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Felo de Se

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Ryan Galik

Ryan Galik

General Info

Year: 2019 / 2020
Duration: c. 17:00
Difficulty: VI (see Ratings for explanation)
Original Medium: Brass septet
Publisher: Ryan Galik
Cost: Score and Parts - Negotiable


Full Score
C Piccolo
Flute I-II
B-flat Soprano Clarinet I-II-III
B-flat Bass Clarinet
B-flat Soprano Saxophone
E-flat Alto Saxophone
B-flat Tenor Saxophone
E-flat Baritone Saxophone
B-flat Trumpet I-II-III
Horn in F I-II-III-IV
Trombone I-II
Bass Trombone
Percussion I-II-III-IV-V, including:

  • Bass Drum
  • Chimes
  • Crash Cymbals
  • Crotales
  • Drum Set
  • Field Drum
  • Glockenspiel
  • Marimba
  • Suspended Cymbal
  • Tam-tam
  • Tom-toms (3)
  • Vibraphone


None discovered thus far.

Program Notes

Felo de Se is an archaic legal term, from the Latin "felon of himself," used in English-speaking courtrooms as an official, perhaps detached, way of discussing the act and crime of suicide. Up until the final decade of the 20th century, "felo de se" was punishable by law in the U.S. for those who attempted to take their own lives, even among those who were successful.

In his 1996 novel Infinite Jest, David Foster Wallace wrote that, "No moment is in and of itself unendurable." Though this passage refers specifically to the arduous path of alcoholism rehabilitation, it holds true for any seemingly impossible task made possible if only by moving forward moment by endurable moment. Twelve years later in 2008, Wallace, a longtime sufferer of depression, was found dead in his home on his own terms. At first glance a contradiction to his prior words about the endurability of any moment, this piece of music is my best answer as to why Wallace's words and actions do, in fact, square.

A powerful insight to the world of the "psychotically depressed," Wallace likens depression to standing atop a burning high-rise:

Make no mistake about people who jump from the window of a burning building. Their terror of falling from a great height is still just as great as it would be for you or me standing speculatively at the same window just checking out the view; i.e., the fear of falling remains a constant. The variable here is the other terror, the fire's flames: when the flames get close enough, falling to death becomes the slightly less terrible of two terrors. It's not desiring the fall; it's terror of the flames. And yet nobody down on the sidewalk, looking up and yelling 'Don't!' and 'Hang on!', can understand the jump. Not really. You'd have to have personally been trapped and felt flames to really understand a terror way beyond falling.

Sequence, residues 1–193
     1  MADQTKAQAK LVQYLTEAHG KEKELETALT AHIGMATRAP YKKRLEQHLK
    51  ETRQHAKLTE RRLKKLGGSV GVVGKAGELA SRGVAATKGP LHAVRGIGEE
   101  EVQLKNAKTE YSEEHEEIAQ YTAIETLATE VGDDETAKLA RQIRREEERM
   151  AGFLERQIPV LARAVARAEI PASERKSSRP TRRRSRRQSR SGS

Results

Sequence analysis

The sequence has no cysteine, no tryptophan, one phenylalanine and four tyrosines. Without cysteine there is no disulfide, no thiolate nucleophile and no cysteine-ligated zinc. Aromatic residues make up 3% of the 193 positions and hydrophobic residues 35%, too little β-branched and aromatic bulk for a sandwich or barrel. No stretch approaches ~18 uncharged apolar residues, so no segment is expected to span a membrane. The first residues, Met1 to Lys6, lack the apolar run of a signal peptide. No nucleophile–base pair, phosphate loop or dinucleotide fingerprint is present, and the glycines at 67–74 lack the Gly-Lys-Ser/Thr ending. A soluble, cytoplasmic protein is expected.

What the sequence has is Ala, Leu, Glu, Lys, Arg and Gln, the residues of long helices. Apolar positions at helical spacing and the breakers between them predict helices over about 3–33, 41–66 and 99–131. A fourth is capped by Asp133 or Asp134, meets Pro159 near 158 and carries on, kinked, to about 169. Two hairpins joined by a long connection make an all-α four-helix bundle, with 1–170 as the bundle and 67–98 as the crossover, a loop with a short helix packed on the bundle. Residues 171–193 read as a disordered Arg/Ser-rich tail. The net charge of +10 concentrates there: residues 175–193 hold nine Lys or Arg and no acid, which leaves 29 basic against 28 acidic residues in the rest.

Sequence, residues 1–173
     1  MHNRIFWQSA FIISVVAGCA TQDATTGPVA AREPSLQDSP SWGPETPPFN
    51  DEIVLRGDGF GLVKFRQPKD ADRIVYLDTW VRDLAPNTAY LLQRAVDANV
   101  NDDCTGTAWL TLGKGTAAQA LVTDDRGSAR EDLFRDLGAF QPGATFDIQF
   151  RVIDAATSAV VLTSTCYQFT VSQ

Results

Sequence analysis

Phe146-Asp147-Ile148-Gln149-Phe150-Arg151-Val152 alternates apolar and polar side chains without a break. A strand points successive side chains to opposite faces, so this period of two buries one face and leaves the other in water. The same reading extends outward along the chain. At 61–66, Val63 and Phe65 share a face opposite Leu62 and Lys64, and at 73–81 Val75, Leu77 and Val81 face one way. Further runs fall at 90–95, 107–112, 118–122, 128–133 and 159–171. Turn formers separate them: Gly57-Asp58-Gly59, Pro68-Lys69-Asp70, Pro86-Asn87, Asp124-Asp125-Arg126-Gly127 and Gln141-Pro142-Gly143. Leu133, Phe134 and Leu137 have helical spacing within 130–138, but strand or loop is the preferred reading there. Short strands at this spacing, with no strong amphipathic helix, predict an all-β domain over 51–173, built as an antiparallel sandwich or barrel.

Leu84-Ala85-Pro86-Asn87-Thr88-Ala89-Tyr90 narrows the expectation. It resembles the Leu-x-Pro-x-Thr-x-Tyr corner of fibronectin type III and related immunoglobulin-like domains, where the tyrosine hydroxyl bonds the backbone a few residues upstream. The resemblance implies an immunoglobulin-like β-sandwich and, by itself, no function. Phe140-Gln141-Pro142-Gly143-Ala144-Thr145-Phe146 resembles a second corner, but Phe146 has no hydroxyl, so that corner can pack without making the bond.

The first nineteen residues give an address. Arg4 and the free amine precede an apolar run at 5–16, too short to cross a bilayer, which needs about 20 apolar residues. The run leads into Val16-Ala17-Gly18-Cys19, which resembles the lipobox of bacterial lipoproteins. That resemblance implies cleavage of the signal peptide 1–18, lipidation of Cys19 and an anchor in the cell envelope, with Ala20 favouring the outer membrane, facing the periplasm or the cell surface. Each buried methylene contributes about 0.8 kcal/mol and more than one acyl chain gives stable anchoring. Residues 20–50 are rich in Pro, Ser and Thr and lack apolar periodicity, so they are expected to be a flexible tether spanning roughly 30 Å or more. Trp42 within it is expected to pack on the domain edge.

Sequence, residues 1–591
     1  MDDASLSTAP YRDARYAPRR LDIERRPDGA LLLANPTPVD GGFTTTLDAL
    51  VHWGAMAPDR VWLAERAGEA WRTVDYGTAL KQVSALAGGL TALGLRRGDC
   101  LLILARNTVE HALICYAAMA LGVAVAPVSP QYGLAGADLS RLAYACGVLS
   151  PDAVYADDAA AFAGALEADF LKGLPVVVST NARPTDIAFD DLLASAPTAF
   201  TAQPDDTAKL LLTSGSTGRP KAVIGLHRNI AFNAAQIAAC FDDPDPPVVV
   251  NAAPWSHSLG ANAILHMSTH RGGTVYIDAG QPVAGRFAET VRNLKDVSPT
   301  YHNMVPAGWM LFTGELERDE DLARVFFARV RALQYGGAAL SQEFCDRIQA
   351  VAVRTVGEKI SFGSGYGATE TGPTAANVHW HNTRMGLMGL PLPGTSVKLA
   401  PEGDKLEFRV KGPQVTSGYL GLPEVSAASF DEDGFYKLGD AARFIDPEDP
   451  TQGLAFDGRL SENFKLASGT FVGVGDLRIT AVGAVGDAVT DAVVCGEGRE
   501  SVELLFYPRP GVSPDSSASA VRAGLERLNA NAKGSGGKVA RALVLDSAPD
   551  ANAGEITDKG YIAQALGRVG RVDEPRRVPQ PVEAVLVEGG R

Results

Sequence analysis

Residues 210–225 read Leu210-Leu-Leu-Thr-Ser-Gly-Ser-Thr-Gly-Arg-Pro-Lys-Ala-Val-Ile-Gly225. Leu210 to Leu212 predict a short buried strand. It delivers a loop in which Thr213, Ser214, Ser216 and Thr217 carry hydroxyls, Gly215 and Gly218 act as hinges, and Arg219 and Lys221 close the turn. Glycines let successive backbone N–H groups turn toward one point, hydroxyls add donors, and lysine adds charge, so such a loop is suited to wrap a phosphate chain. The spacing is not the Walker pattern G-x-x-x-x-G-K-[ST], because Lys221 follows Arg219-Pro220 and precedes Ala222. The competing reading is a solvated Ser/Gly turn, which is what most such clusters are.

Felo de Se, then, is a piece about this terminal choice expressed through five sections directly matching the Kübler-Ross 'Model of Grief', that is: Denial, Anger, Bargaining, Depression and, finally, Acceptance. In Felo de Se, this journey is viewed under two lenses: that of those who have made this terrible decision in their own lives, but also that of those who have suffered loss under such terms, whether at the hands of family, friend, or idol. It is here where I hope to face Wallace's claims on endurability. I want to strip any romantic notions that fighting against suicidal impulses, be they psychotic or literal inescapable flames, is anything like fighting disease, or completing a marathon or any challenge with a clear and definitive finish line. More like Wallace's initial reference to keeping off the bottle, this obstacle cannot necessarily be "beaten". Victory is not a checkerboard flag at the end, but a million moments of perseverance along a road that continues forever onward. Especially in matters of psychotically depressed people, day-to-day being can be an exhausting, albeit endurable, trial. Whether or not one could "do it" was never necessarily in jeopardy. Rather, it becomes an issue of patience and submission to a potentially endless fight. It is my hope to convince you that there is more to life than enduring and to advocate that it is permissible to deny such a cruel fate for oneself. I want to urge you find forgiveness toward those you may know who have already lost. I want to communicate that there is no crime in a felony against one's self.

Felo de Se was originally a brass septet written for a close friend and great trumpet player, Noah Brown. However, after original sketches were scrapped, I re-imagined the work for wind ensemble, a project TCNJ Director of Bands Dr. Eric Laprade was happy to bring to life. It received its premiere in December of 2019.

Since then, it has been revised with future planned performances currently on hold due to COVID-19.

- Program Note by composer


State Ratings

None discovered thus far.


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